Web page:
Educated and Debt-Free0
When The Kalamazoo Promise (The Promise) was established in 2005, 11-year-old Tevin Monroe’s family was considering moving away from Kalamazoo. Ultimately, his parents decided to stay to allow Tevin to take advantage of The Promise, recognizing how beneficial it could be for his future.
“My parents have been advocates of continued education, so it wasn’t a question of if I was going to college, but really where,” he said. “My freshman year of high school I was really looking into what colleges I wanted to attend.”
Ultimately, Monroe decided to attend Wayne State University (WSU) where he earned a Bachelor of Science in Nutrition and Food Science with a Minor in Public Health. In addition to the tuition paid by The Promise, he also received a scholarship from the Honors College and was able to graduate from WSU without debt.
After graduating, Monroe needed some time to decide what career path to pursue, but knew he wanted to get professional experience and make connections.
“After I graduated from college, I served with AmeriCorps for two years,” he shared. “My first year, I worked at a children’s hospital in Pittsburgh as a care coordinator where I educated healthcare providers on food insecurity. For my second year, I moved to Lexington, Kentucky to work in student affairs at Transylvania University.”
Impressed by his work ethic, Translyvania University hired Monroe as its Assistant Director of Campus and Community Engagement after his time at AmeriCorps ended. In his new role, he works with local organizations, students on volunteer teams, and in community-based Federal Work-Study programs.
Additionally, he connects nonprofits with volunteers, and students with service, leadership, and employment opportunities.
When describing what his favorite parts of the job are, Monroe refers to his time spent working with students and nonprofits.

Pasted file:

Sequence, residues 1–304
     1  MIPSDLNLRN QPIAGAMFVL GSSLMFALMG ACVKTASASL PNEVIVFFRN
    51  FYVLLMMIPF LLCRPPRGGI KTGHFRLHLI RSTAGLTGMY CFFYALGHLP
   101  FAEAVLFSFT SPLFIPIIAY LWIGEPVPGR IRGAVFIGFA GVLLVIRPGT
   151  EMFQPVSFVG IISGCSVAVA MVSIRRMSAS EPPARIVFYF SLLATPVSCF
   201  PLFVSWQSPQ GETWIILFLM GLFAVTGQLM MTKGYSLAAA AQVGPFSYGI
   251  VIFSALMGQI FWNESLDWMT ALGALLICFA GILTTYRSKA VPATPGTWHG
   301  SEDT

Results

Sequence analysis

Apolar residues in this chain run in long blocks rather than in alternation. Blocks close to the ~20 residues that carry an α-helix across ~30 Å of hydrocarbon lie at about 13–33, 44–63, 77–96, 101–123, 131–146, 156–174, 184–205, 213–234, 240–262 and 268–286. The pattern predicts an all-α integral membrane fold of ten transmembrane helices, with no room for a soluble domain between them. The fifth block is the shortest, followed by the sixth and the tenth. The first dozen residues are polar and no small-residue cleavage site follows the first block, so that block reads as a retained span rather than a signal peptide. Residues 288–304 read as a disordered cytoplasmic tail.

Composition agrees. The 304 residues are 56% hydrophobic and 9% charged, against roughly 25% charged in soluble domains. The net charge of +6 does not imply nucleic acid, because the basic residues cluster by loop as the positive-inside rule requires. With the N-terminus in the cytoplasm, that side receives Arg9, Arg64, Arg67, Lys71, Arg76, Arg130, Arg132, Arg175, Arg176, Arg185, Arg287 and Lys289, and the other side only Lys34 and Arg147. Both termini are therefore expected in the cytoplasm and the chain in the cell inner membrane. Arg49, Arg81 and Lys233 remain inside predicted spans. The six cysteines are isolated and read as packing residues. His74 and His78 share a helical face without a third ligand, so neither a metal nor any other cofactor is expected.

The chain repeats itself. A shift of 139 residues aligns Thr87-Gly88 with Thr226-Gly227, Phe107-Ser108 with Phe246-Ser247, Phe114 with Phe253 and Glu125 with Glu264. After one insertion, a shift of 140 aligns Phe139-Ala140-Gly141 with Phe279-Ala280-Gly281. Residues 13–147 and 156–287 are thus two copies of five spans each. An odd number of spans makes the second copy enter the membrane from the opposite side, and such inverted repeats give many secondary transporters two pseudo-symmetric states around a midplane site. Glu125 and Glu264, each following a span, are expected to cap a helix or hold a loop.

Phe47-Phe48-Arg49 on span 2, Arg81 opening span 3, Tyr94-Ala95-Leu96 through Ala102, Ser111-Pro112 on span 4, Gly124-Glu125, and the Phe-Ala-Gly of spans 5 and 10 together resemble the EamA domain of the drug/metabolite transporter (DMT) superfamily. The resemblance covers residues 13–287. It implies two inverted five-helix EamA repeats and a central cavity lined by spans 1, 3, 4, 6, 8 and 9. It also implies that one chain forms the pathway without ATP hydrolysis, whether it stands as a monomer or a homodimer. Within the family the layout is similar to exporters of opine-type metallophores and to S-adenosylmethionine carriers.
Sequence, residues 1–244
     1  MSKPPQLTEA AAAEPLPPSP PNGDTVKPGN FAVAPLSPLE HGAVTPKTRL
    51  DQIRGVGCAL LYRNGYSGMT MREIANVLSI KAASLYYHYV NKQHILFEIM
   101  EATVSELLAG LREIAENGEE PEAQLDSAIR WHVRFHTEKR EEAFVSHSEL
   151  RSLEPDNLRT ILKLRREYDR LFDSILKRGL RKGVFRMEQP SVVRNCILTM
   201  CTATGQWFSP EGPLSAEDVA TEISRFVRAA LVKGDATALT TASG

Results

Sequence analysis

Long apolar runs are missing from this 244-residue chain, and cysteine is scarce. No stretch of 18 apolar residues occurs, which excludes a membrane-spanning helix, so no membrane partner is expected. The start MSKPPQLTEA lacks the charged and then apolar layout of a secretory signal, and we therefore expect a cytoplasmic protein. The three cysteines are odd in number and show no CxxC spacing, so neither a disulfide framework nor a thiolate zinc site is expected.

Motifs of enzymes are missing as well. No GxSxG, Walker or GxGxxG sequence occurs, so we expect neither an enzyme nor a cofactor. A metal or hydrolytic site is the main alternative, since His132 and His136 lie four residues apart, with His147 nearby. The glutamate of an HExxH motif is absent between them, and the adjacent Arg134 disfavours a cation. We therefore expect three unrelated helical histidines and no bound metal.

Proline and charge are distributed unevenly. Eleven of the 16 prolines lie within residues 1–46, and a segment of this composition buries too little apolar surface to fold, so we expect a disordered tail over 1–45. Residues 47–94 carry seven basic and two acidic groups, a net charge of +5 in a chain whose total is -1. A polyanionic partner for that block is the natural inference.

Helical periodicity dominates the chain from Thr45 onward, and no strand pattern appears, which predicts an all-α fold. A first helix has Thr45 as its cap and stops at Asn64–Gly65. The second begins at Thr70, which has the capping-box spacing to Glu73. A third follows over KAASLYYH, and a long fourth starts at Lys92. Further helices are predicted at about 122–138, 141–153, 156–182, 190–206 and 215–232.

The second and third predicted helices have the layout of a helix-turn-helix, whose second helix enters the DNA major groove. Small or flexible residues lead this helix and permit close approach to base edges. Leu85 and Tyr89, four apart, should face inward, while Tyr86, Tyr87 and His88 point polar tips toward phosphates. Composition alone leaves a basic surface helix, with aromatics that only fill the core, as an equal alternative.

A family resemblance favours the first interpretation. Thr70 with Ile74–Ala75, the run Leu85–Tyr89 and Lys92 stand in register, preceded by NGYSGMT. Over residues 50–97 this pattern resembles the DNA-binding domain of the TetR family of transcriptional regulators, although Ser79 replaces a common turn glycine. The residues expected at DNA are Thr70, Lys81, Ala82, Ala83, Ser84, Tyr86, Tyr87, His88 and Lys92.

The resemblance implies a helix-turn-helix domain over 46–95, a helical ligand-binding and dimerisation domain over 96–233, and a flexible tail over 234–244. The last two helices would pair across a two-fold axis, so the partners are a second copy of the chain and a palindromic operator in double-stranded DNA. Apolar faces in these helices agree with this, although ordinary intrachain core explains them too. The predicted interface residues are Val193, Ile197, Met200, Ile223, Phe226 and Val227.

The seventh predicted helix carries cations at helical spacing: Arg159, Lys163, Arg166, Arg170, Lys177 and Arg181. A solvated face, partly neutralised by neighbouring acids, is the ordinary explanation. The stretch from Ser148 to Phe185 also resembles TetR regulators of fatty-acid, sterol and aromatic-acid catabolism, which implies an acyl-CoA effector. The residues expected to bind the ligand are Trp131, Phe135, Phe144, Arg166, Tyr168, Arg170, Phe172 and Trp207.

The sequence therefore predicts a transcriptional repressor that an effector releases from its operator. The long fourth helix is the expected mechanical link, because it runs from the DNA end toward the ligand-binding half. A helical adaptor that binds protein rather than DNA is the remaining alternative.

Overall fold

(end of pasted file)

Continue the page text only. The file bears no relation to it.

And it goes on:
“I learn as much from the students as I think as they learn from me,” he explained. “Working with nonprofits and community leaders is very unpredictable and never boring. The people that work in this field are easily some of the most passionate and intelligent people I know.”
When Monroe is not assisting others, his time is spent earning a master’s degree in Community Engagement with a concentration in Higher Education at Merrimack College. Thanks to his dedication, the financial stability afforded to him by The Promise, and the scholarships he has received, Monroe will be able to graduate nearly debt-free in 2021.
“I’d like to continue teaching and working in higher education,” he said about his future career path. “The students and leaders I work with constantly inspire me and I want to continue focusing on civic engagement and work with faculty to increase service-learning components in academic coursework.”
With a bright future ahead of him, Monroe certainly has a lot to look forward to. He still reflects on his time as a student in the Kalamazoo Public Schools and hopes that future Promise Scholars make the most out of the opportunities given to them as they prepare for life’s next step.
“Work to find the knowledge that you are looking for and how it can work for you,” he recommended. “Take education out of the four walls of the classroom and integrate it into other aspects of your life.
“Things that were useful in my college search were thinking about colleges as a community and spending time on campus. What are you are hearing when you are walking around? What type of student body are you seeing? Make sure it feels like the right fit for you.”
This is an excellent example of how The Promise can set up students for future career success. Way to make the most out of your opportunity, Tevin! Transylvania University is lucky to have you as a part of its staff.